Pop culture obsessives writing for the pop culture obsessed.
Pop culture obsessives writing for the pop culture obsessed.

Raw doesn’t even try to compete with the NBA and the NHL

Illustration for article titled Raw doesn’t even try to compete with the NBA and the NHL

WWE had a lot going for it heading into this week’s Raw. The return of Seth Rollins at Extreme Rules and the qualifying matchups for the Money In The Bank ladder match gave last week’s Raw a sense of purpose, and with John Cena set to make his return on Memorial Day, things were looking up. Plus, WWE had just announced that Smackdown was moving to Tuesday nights in July, where it would be airing live and consist of its own unique roster and storylines, bringing back the brand split, or “brand extension” in WWE parlance. All of that should mean that this week’s Raw delivers. Sadly, that’s not the case. Maybe it was the looming presence of big NBA and NHL games, or something else entirely, but tonight’s Raw is easily the worst of the year, and the worst we’ve seen in a long, long time.

The biggest issue with this week’s Raw is that if Enzo Amore had a dime for every good match on the card, he’d have ZERO DIMES. Seriously, tonight’s show is filled with so much talking, nonsense tag matches, and pointless, longwinded segments, that there’s no room for a single good match. There are some okay moments scattered through the three hours, but that’s just not good enough. WWE has been doing solid work the last few weeks, making sure to show some forward momentum and tell meaningful stories, even as the roster shuffles through new injuries and returning stars. There are a handful of stories moving forward this week, but for the most part the show completely takes the night off. Outside of one segment, you could skip the whole show and not be any worse off because of it.

The listlessness is strange because the show at least starts with a hint of promise. Having Shane and Stephanie McMahon come out to discuss the potential brand split is good for teasing future storylines. It’s nice that they don’t pull some kayfabe-only move and avoid the news until July 19th is on the horizon, and even having New Day come out to act as a kind of audience surrogate, asking the questions that we’ve been asking since the announcement, is a smart move. But the segment goes on way too long and then abruptly ends with the Vaudevillains coming out for their match. It’s as if WWE tried to turn a press release into a sports entertainment segment and, surprise, it falls flat.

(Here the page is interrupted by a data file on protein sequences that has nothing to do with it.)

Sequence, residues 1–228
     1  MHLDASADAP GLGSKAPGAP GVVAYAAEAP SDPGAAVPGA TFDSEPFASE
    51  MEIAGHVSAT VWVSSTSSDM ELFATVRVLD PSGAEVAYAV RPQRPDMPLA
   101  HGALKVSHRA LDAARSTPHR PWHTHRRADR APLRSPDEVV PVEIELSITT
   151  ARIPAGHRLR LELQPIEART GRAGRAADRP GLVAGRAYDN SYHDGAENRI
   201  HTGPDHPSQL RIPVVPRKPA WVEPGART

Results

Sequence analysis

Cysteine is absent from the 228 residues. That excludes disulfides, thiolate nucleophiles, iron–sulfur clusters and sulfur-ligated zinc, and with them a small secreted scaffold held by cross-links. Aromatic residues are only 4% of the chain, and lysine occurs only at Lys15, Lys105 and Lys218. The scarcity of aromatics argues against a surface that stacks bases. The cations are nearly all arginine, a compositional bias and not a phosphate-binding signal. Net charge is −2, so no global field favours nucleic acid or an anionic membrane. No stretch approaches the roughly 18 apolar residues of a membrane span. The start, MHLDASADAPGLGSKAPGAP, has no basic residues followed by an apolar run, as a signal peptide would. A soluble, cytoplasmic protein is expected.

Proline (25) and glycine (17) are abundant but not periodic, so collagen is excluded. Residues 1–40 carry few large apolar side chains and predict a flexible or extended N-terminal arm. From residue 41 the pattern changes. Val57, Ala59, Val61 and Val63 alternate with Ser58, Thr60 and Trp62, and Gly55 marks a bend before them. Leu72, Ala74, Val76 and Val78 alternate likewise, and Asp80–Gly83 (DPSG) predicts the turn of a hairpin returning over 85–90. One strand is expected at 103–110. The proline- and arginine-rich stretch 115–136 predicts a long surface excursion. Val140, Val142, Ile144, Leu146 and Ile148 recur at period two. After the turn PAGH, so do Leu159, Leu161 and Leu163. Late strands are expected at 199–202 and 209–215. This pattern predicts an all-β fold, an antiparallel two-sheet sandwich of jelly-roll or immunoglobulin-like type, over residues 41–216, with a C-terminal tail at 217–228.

The night is filled with similar segments that seem to be completely bungled in execution, and tone-deaf to what’s compelling and exciting in front of a live crowd. WWE has Seth Rollins and Roman Reigns coming face to face for the first time in months and the best they can muster is a goofy, drawn-out segment where Rollins keeps teasing that he’s coming into the ring only to once again retreat up the ramp. He does it over and over again as Reigns stands there with a blank look on his face. It’s a baffling segment that manages to kill all the heat that comes with Seth fucking Rollins facing off against Roman fucking Reigns. That’s HUGE, and WWE just ignores it for another week.

Illustration for article titled Raw doesn’t even try to compete with the NBA and the NHL

That kind of “storytelling” extends to pretty much every match tonight. This is Raw on autopilot, reusing matchups and video packages, presumably because they knew the Thunder and Warriors were stealing the show on another channel. The night is filled with short matches that leaves the crowd in a glassy-eyed daze. The Usos easily beat Breezango, Ziggler just kicks Corbin in the nuts and gets disqualified, Dana Brooke beats Natalya with a little distraction help from Charlotte, and Rusev crushes Zack Ryder because he’s back to being Zack Ryder. These matches don’t accomplish much, other than establishing Titus as a solid opponent for Rusev, and it’s hard to sit through one squash after another.